Several studies have shown that people derive more happiness from experiences than material possessions. Part of that is because experiences can’t be compared like salaries and gadgets; my vacation story and your vacation story are unique. Memories also gain value over time while the novelty of material possessions wears off within months. To start the year off right, here’s a list of 5 experiential gift ideas unique to Beijing.
Memberships and Subscriptions
The long-running Hutong has it all: cooking classes (more on those below), tea tours, cultural experience, events, and more. A general membership costs RMB 200 per year and entitles the holder to 10-25 percent discounts on all Hutong programs and events. After the year is up, the membership can be extended for only RMB 100. If there’s an enthusiastic home cook in your life, consider the culinary membership (RMB 1,500 per year) for up to two people, which includes any six cooking classes. ‘
Several international culture centers also offer memberships. I’m a member of the excellent French Cultural Center’s Médiathèque, a lending library of books, periodicals, and DVDs with a children’s corner. I initially joined the library to keep up my French but have found that the Médiathèque offers a clean, quiet space to work as well. Regular membership costs RMB 240 per year (RMB 120 for students and teachers) or RMB 100 per quarter.
The Cervantes Institute also has a lending library with Spanish-language books and materials. Membership costs RMB 210 per year (half price for students, retirees, and children).
Founded by Frenchman Gael Thoreau, Beijing Sideways specializes in tours of Beijing and the Great Wall by motorcycle sidecar. Options include two-hour, four-hour, and one-day tours of Beijing; a two-hour night tour of Beijing; a one-day tour of the Wild Great Wall; and the deluxe two-day (or 1.5-day) tour with an overnight stay at the Great Wall and a Beijing city tour.
Each motorcycle can take up to two passengers; assuming two people per bike, the two-hour city tour costs RMB 1,100 for the first passenger and RMB 600 for the second while a four-hour city tour costs RMB 1,400 for the first passenger and RMB 900 for the second.
Food is one of the best ways to access a country’s culture and history. What better way to spend a frigid winter afternoon than making and eating your own Chinese dishes with friends and family?
The Hutong has a variety of cooking classes featuring Chinese regional cuisines such as Sichuan, Yunnan, and Shanxi as well as specific dishes like xiaolongbao, hand-pulled noodles, and dumplings (RMB 300 per person, RMB 260 for members).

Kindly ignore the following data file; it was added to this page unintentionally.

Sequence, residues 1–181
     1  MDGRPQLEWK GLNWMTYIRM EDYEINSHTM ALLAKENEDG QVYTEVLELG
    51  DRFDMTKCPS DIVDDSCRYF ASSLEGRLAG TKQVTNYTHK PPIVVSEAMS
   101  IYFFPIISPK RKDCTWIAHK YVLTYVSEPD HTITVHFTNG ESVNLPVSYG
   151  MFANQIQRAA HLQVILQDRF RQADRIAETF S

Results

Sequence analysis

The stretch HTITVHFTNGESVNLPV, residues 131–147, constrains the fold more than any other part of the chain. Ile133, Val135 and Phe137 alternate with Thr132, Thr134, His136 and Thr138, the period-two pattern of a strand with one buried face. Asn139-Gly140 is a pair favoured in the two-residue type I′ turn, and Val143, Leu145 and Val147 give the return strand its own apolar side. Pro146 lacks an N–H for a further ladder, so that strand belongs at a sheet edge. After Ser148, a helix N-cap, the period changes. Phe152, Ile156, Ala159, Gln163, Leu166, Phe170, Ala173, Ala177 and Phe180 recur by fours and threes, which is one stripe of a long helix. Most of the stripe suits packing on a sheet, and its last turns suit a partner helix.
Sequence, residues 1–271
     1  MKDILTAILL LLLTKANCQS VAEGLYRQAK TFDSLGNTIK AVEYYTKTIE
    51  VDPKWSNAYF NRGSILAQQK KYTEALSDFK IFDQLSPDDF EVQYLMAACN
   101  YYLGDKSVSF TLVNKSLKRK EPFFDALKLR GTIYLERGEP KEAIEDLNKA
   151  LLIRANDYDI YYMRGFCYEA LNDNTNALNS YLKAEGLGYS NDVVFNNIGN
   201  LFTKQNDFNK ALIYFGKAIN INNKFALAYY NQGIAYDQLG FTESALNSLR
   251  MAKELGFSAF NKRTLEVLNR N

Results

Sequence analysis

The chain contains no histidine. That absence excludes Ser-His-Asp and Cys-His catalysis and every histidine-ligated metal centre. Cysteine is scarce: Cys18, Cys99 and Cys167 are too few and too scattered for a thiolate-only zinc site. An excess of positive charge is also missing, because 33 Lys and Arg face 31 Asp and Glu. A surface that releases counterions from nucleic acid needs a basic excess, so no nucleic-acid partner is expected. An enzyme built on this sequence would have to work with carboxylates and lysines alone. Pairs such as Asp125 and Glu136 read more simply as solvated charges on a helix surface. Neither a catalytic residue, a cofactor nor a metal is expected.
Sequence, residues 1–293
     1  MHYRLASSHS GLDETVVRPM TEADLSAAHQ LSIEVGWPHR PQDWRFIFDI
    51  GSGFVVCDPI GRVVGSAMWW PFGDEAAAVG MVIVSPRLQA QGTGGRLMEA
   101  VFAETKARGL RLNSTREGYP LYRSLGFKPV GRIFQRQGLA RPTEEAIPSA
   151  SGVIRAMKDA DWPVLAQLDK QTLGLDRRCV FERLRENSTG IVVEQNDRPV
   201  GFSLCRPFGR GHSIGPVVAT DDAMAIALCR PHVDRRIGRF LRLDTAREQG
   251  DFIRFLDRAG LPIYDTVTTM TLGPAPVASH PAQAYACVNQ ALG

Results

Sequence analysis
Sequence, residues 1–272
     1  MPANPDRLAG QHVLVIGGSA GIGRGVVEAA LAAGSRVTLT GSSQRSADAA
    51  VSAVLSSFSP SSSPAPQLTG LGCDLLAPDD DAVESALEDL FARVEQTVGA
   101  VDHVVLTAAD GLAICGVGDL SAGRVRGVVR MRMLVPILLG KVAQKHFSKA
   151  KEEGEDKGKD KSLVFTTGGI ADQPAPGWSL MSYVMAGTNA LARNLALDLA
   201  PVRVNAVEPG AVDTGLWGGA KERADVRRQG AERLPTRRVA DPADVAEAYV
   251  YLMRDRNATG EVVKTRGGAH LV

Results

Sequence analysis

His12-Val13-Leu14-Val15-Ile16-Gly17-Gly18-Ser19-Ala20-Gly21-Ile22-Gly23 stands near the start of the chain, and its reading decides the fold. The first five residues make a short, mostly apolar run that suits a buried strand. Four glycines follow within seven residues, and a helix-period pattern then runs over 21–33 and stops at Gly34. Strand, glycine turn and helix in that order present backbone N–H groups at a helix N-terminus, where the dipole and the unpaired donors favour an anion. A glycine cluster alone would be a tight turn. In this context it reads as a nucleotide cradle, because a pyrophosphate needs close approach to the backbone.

Black Sesame Kitchen also offers lunchtime cooking classes every Wednesday and Sunday from 11am-2pm (RMB 300 per person) out of its hutong location near the Forbidden City.
Closer to town, China Culture Center has a class on dumpling-making and hand-pulled noodles, with private events available for 1-20 people. Regular classes cost RMB 250 for adults and RMB 180 for kids under 12.
Dive the Great Wall
I’m hopelessly biased when it comes to scuba diving. Not only is SinoScuba founder Steven Schwankert a former colleague, he’s also a friend and my dive instructor. My sister and I first dived with him in July of 2013, an experience that eventually led me to Thailand, Indonesia, and the Philippines for further PADI training. Last July, Steven certified me as a Rescue Diver in Puerto Galera, Philippines.
However, Beijing residents don’t need to go far to suit up. Every year, Steven leads scuba diving trips to a submerged section of the Great Wall at the Panjiakou Reservoir. Sure, you won’t see exotic fish or enjoy 60m visibility, but you’ll be joining an exclusive club of people who can say they’ve dived the Great Wall. Prices and dates will be available by the end of the month.
Offbeat Fitness Classes
Crossfit Slash is best-known for, well, CrossFit, but it also offers a rapidly-expanding array of fitness classes from its studio, including aerial silks, poledancing, Irish dancing, aerial hoop, bellydance, and burlesque. RMB 180 per class.
Led by the rock-hard Alona Vostrikova, Alone Pilates offers two unusual fitness classes apart from its signature Pilates: a hula-hoop class focusing on sculpting the butt and “Pilates cardio ballet,” a ballet-inspired class using a barre. Call for prices.
Today happens to be my boyfriend’s birthday; because he’s a foodie, we’ll be celebrating with a home-cooked dinner tonight and a private cooking class at The Hutong on Sunday with friends.
Sijia Chen is a contributing editor at beijingkids and a freelance writer specializing in parenting, education, travel, environment, and culture. Her work has appeared in Travel + Leisure, The Independent, Midnight Poutine, Rover Arts, and more. Follow her on Twitter at @sijiawrites or email her at firstname.lastname@example.org.
Photos: Creative Commons image courtesy of kris krug on Flickr